Singh: India is moving along that path. Indian companies realized about seven years ago that they would not be able to play in the customer service segment for English language voice for the United States. Many North American companies moved their customer service capacity to the Philippines. India opted to focus on technical support services, chat functions and some of the more niche vertical processes. They decided to focus on the higher value and tech-centric work, which was the right thing to do. I believe that India will survive this predicament.
The Philippines will be harder hit. A lot of clients have realized that they don’t have any influence or control over the decision-making process in the Philippines. Large US brands do not really have influence, especially when you have a leader like President Rodrigo Duterte.
The climate in the Philippines poses a higher level of risk and companies have decided to stay out. I think it will be difficult to go back the Philippines. Having said that, you will see some volumes moving back. That is because of the price points. It depends on how the Philippine Peso survives this and to what extent we see those price points go down.
In India, work-from-home is pretty prevalent, and you have a better infrastructure across some of the metropolitan areas in India. In the Philippines, once you are out of Manila, you have significant challenges with regards to connectivity. India has come a long way and I think you will continue to see capacity moving back to India – maybe at 80 percent. But in the Philippines, I think we will probably see less than half of the capacity moving back.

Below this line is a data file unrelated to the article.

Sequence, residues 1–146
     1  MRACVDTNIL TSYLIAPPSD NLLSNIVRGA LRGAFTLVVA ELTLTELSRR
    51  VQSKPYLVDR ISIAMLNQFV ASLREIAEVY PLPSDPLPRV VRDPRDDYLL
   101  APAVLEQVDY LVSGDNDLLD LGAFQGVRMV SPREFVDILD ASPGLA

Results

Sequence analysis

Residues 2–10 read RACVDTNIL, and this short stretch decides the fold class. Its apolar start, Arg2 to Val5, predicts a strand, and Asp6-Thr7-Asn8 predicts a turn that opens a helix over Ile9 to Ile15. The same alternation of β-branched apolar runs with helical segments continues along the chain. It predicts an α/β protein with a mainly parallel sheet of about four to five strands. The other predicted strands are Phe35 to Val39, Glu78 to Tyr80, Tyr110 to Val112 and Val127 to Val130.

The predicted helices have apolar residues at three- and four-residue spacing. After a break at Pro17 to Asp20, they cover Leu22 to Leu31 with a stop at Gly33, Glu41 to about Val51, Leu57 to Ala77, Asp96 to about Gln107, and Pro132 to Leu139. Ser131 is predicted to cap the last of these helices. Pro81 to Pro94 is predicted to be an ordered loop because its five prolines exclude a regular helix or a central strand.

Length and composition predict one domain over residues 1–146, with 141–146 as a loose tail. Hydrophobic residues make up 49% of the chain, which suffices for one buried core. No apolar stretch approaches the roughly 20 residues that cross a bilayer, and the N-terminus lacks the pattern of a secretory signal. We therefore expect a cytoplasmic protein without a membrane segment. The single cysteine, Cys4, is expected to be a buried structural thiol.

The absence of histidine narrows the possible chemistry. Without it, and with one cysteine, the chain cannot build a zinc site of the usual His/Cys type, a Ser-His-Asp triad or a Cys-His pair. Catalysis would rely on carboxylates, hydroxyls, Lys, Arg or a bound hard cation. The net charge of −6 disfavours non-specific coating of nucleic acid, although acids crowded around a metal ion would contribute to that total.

NSAM: What impact could this have on Nearshore destinations like Costa Rica and Mexico?
Singh: I believe this will have a positive impact on Nearshore. If we were to split the market, we would see that offshore takes about 30 percent, and Nearshore takes another 30 percent, while the rest goes to onshore. Now, I expect we will see offshore reduced by nearly half. In a year or two, we will see it drop to about 15 percent of the toral volumes. The additional 15 percent will go to work-from-home, onshore and Nearshore services.
NSAM: Could you outline the advantages of these Nearshore destinations when compared to Asian countries?
Singh: Proximity, the time zones and the ease of access for companies and executives are important factors. There is also more cultural affinity. Besides the Philippines, I don’t think there is any country in Asia that has the same level of cultural affinity to the United States that Central America does.
The other aspect is the risk profile. Spreading operations across four or five different countries within the Central American region is a natural hedge.
From a geopolitical perspective, the United States is also less inclined to impose significant trade sanctions on Central America because the geopolitical risks to the United States itself are different.
NSAM: Do you have anything else to add?
Singh: In December last year, I wrote a research paper where I estimated that WFH would account for about 35 percent of customer service engagements by 2023. Of course, we did not know about Covid-19 in December. By early March, that had already been blown out of the water.
I think WFH is going to grow and the gig model is going to grow. It is important to watch the onshore delivery model. I believe that greater protectionism is coming soon, especially with the climate of high employment. Nearshore must be careful with the way they position themselves. I think they should be complementary, rather than in direct competition with onshore.